While the series itself ended on somewhat of a high (although the less said about Carrie’s relationship with Aleksander Petrovsky), the franchise managed to spread these happy endings into two movies. The show had been based on the premise of single women in their thirties, but by the time they hit the big screen the girls were happily coupled up and most certainly not in their thirties. With Samantha literally turning fifty and popping hormone pills to postpone menopause all throughout the sequel, it may have been time to hang up the condoms. Was the blight on the show’s good name really worth a measly seven hundred million dollars in box office revenue?


Gossip Girl


Not to single out repeat offender Josh Schwartz, but when making Dan Humphrey the eponymous titular character becomes a conceivable idea, you know you’ve passed your limit. Story lines dried up around the fifth season when every main and supporting character had slept with each other both on and off screen, and the show officially “jumped the shark” somewhere around the time Bart Bass – SPOILER ALERT – came back from the dead. What is this, Dallas? Critics universally panned the finale, and, to reiterate, this might have had something to do with the fact that DAN WAS GOSSIP GIRL.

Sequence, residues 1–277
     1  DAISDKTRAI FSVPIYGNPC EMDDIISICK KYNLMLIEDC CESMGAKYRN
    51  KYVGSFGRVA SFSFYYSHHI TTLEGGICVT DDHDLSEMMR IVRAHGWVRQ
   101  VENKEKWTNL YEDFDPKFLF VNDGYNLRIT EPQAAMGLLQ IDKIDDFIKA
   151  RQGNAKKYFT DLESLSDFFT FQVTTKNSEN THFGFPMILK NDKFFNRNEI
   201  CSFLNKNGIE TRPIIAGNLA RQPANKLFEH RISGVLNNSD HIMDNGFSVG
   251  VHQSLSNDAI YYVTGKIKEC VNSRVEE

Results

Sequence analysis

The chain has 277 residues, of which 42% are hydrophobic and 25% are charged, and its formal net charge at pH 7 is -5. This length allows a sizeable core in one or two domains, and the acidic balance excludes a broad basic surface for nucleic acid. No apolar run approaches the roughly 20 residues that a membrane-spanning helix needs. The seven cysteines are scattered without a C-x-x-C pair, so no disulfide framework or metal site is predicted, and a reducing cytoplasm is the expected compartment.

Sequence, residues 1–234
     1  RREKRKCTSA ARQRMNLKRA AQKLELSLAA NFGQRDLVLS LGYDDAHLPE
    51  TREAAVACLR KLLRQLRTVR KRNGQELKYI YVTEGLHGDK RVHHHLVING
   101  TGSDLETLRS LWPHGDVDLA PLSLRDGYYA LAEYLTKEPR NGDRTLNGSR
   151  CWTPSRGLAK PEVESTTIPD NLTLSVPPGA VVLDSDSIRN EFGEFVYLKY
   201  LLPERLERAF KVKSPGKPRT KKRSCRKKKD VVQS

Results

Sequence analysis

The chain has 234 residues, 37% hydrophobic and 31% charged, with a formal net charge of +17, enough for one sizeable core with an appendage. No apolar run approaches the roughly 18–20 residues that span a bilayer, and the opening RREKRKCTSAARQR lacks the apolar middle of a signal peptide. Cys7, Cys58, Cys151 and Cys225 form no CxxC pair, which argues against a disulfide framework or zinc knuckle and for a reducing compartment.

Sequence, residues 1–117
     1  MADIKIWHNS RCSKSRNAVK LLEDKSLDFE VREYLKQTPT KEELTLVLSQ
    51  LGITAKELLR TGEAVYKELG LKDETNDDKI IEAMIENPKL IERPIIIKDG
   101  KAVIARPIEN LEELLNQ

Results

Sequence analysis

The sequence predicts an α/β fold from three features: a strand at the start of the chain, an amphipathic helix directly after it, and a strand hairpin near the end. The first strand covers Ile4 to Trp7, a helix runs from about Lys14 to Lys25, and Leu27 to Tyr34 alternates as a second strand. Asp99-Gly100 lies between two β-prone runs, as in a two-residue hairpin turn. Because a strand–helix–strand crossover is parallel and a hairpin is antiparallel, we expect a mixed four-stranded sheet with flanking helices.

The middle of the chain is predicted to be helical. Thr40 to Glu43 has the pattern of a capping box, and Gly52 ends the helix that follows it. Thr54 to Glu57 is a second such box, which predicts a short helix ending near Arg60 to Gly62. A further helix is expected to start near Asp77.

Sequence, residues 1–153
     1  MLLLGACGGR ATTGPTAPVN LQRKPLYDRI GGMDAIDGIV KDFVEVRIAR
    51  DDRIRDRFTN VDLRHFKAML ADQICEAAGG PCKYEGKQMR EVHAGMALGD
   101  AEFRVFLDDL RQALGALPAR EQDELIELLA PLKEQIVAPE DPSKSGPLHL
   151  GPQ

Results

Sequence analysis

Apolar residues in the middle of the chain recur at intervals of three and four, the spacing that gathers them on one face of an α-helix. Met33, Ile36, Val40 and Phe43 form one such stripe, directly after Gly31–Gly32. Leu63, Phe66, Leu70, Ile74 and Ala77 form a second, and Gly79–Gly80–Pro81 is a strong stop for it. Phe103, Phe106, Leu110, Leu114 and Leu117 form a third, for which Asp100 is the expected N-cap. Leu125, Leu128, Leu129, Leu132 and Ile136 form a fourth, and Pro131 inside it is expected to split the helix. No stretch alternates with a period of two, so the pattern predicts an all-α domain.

That 70’s Show


In a lesson for shows everywhere, That 70’s Show proved that if most of your female viewers are tuning in for Ashton Kutcher, don’t continue on without Ashton Kutcher (take note Two and a Half Men). Without Kutcher and Topher Grace in the eighth and final season, the role of eye candy was left to Danny Masterson. It’s no coincidence the show’s ratings were halved.


Lost


Lost started with the fairly simple premise of a plane crashing into a deserted island; however as the survivors started to uncover the mysteries of the island they began to discover that those mysteries included time travel, a monster made of smoke and high writing staff turnovers (we presume). The problems with Lost are far too vast to explore in the little time we have, but the series ended without solving anything. It's title became a self-fulfilling prophecy and viewers (see: us) will always be left wondering, mostly why they wasted six years on the show in the first place.